By Curtis Abraham
In 1898, a pair of male lions killed several dozen railway workers during a year long reign of terror near the Tsavo River in southern Kenya, where the British colonial government were building a railway bridge over the river. The man-eaters were finally killed by Lt. Col. John Henry Patterson, head of the bridge construction and author of The Man-Eaters of Tsavo and Other East African Adventures. In 1996, the story was popularized in the Hollywood film, The Ghost and the Darkness.
But why did the infamous man-eating lions of Tsavo resort to eating humans?
In 1998, the centenary year of the lion attacks, scientific investigation into answering this mystery began with the collaboration of the University of Chicago’s Field Museum, where the dead lions are on display, the Kenya Wildlife Service (KWS) and the National Museums of Kenya.
The main focus of the research has been on the teeth of the two lions. An analysis of the skull and mandible (lower jaw) of the first Tsavo lion (known as FMNH 23970 in the Chicago Field Museum catalogue) revealed that they were malformed because of a severely broken canine with an exposed root. A lion’s teeth are used primarily for firmly holding food in order to tear it apart. This malformity, according to experts, led to an impaired remodeling of the jaws which could have prevented the lion from efficiently killing its normal prey.
The second lion (FMNH 23969) also had teeth /jaw damage which might have hampered its effort to eat hard food items and/or reduced prey handling ability.
“Tooth breakage per se does not produce dietary shifts as older lions display some sort of wear or breakage to their dentition;”wrote Larisa R. G. DeSantis and Bruce D. Patterson in their 2017 paper. The pair examined the two Tsavo lions and another man-eater from Mfuwe, Zambia. “However, dental disease is another matter, and incapacitation via an abscessed or a fractured mandible may have prompted the Tsavo and Mfuwe lions to seek more easily subdued prey.”
Taste for humans
Scientists also believe the Tsavo lions might have developed a taste for humans after being ‘provisioned’ with dead ones. One lucrative source would have occurred during the slave trade. From the 16th through to the 19th centuries, a slave route ran through the Tsavo area. Slave porters who died along the route would have contributed a large number of abandoned bodies — an easy food source for several generations of lions.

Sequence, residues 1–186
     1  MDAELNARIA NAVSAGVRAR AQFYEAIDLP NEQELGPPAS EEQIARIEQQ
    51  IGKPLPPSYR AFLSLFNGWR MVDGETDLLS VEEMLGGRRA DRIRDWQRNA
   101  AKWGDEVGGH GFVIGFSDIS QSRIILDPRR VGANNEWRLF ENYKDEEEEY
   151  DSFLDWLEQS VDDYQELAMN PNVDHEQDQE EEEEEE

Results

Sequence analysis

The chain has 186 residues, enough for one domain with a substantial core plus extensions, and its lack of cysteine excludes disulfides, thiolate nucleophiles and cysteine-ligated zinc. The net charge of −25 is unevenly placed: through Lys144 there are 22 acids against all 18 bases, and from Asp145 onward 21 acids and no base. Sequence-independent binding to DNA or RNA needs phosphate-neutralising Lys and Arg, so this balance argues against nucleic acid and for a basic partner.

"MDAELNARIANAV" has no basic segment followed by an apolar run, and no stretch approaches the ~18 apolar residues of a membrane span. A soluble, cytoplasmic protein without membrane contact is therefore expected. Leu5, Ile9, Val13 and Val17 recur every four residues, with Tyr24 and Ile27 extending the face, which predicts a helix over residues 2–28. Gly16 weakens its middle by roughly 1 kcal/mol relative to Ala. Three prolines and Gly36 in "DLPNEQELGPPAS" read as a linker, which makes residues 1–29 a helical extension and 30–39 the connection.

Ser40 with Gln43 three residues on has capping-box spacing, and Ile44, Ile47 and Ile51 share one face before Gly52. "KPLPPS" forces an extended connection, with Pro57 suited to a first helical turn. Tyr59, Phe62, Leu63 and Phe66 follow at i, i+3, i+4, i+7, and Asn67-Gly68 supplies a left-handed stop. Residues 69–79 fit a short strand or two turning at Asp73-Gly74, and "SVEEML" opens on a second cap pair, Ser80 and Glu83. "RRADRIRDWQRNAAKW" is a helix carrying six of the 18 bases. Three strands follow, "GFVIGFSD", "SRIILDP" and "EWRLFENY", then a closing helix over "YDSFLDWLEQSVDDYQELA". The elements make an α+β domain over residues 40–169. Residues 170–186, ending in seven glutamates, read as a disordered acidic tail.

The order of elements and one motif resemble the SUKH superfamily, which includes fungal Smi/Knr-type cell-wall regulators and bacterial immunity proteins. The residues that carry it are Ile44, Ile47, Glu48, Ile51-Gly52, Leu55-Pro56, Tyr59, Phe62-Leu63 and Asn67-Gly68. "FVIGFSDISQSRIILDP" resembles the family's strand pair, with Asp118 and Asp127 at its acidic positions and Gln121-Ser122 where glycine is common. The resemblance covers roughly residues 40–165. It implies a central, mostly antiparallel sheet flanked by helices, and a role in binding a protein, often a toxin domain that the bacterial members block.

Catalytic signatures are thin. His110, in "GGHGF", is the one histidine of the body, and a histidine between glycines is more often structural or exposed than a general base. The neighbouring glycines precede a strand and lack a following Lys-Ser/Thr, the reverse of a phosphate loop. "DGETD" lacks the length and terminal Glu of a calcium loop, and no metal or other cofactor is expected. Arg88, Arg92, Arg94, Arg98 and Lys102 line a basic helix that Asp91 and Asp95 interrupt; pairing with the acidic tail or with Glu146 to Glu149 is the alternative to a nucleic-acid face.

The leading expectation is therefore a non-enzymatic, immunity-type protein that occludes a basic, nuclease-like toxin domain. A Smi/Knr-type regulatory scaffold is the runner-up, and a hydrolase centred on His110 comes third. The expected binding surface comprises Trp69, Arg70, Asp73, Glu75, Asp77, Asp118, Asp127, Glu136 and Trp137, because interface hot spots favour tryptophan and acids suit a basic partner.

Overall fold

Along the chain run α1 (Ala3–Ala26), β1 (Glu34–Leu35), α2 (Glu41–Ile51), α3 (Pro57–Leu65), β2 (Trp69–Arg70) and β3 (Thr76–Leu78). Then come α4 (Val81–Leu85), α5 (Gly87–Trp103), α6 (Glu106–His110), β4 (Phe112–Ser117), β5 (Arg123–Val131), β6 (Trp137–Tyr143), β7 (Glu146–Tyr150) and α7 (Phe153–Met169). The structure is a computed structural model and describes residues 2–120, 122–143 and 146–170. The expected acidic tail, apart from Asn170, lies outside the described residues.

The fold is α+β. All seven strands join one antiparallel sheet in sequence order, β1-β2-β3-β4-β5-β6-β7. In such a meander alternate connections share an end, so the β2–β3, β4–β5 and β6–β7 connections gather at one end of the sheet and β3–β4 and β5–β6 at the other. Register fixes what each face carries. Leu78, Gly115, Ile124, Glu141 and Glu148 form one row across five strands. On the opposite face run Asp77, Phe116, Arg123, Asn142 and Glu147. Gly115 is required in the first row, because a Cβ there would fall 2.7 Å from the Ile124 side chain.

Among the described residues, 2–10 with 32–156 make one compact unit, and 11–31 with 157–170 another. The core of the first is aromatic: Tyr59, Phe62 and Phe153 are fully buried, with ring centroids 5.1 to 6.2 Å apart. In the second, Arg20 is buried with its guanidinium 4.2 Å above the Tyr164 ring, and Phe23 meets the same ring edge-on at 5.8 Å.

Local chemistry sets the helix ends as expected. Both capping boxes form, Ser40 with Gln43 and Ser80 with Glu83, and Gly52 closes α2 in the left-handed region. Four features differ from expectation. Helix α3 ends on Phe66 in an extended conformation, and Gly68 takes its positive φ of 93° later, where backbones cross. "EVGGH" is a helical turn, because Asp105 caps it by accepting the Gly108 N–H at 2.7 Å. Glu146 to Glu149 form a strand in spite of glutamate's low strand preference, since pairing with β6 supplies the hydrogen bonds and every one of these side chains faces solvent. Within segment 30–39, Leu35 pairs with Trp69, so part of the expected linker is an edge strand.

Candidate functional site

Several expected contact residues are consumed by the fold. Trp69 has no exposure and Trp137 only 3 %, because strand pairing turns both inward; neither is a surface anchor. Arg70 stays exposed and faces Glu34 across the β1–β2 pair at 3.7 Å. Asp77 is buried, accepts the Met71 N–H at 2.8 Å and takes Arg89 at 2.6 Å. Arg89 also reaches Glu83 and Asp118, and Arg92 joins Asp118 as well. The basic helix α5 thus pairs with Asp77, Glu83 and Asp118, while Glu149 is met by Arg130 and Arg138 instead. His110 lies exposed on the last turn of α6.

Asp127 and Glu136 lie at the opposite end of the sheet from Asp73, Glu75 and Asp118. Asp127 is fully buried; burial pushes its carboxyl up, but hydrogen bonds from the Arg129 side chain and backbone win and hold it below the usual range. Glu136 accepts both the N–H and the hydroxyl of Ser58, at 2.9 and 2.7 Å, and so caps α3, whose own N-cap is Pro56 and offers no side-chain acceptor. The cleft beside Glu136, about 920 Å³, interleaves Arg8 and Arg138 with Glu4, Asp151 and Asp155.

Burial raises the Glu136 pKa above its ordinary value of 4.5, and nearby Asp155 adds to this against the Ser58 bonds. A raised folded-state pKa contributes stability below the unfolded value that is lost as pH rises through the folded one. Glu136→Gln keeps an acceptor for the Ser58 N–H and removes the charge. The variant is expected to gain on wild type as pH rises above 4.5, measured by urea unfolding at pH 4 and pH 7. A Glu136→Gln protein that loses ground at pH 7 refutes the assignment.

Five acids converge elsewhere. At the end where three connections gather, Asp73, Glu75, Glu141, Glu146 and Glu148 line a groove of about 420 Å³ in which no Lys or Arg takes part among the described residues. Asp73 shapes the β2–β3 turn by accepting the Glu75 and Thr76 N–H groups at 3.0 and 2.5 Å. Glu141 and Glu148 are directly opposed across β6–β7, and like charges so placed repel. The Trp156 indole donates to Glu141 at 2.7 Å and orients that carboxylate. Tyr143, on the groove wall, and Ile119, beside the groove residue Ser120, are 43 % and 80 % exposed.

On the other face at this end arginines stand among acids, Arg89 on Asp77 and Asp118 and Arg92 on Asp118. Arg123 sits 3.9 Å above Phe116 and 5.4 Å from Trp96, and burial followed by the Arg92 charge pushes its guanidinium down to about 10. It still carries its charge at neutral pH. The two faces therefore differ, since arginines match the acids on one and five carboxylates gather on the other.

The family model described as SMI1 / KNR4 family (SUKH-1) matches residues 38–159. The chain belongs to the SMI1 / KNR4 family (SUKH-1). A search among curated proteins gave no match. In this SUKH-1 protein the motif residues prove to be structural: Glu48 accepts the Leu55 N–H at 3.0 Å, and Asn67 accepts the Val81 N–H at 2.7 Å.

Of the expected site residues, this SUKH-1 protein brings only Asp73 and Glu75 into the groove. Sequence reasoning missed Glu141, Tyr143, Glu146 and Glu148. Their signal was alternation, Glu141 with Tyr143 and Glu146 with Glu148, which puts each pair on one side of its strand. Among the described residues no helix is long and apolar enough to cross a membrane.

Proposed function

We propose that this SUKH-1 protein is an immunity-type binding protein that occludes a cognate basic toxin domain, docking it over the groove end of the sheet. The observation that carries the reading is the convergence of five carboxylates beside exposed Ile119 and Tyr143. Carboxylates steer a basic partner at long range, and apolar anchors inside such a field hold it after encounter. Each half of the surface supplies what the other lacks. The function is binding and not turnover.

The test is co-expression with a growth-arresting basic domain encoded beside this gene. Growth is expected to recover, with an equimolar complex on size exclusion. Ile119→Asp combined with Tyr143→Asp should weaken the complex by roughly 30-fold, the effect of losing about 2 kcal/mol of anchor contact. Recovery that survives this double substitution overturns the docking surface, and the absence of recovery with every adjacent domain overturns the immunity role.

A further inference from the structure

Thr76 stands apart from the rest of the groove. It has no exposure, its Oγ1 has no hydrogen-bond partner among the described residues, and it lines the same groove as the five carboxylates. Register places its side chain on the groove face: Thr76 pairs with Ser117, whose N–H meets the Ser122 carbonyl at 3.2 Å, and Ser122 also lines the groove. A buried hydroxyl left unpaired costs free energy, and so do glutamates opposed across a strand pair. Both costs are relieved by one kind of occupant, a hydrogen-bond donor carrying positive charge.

The Tsavo region suffered severe drought and famine during the mid-to-late 19th centuries. This might have played a prominent role in the man-eating behavior of the two lions since such catastrophes led to large numbers of dead bodies in decimated villages. During the 1860s drought, cholera and plague brought by Swahili caravans ravaged the region. In the 1880s and 90s, famine ravaged the Bantu-speaking agricultural Wataita people who lived on the Taita Hills. In 1897, there was the Mwakisenge Drought and Famine, which lasted for three consecutive years.
“[…] although the verdict is still out, it is very probable that the Tsavo Man-Eating lions got their appetite from eating victims of famine, warfare and caravan trade,” wrote Bruce Patterson, MacArthur Curator of Mammals at Chicago’s Natural History Museum.
Environmental factors were also a decisive factor. The quest for ivory during the 19th century had eliminated elephants from much of eastern Kenya, including most of Tsavo. Reduced elephant populations resulted in the expansion of woodlands and the reduction of grass-eating herbivores – prey for lions.
Unlike the Tsavo of today with its large tracts of open expanse, the Tsavo of the 1890s was composed of a nearly impenetrable, thorn thicket (‘nyika.’) It was in this thicket environment that the Tsavo lions were able to stalk and ambush their human prey.
The Tsavo incident closely followed the debut of rinderpest on the continent, which decimated cattle and buffalo, the primary prey of the Tsavo lions. The rinderpest epidemic would have left a low population of traditional food source for the Tsavo lions.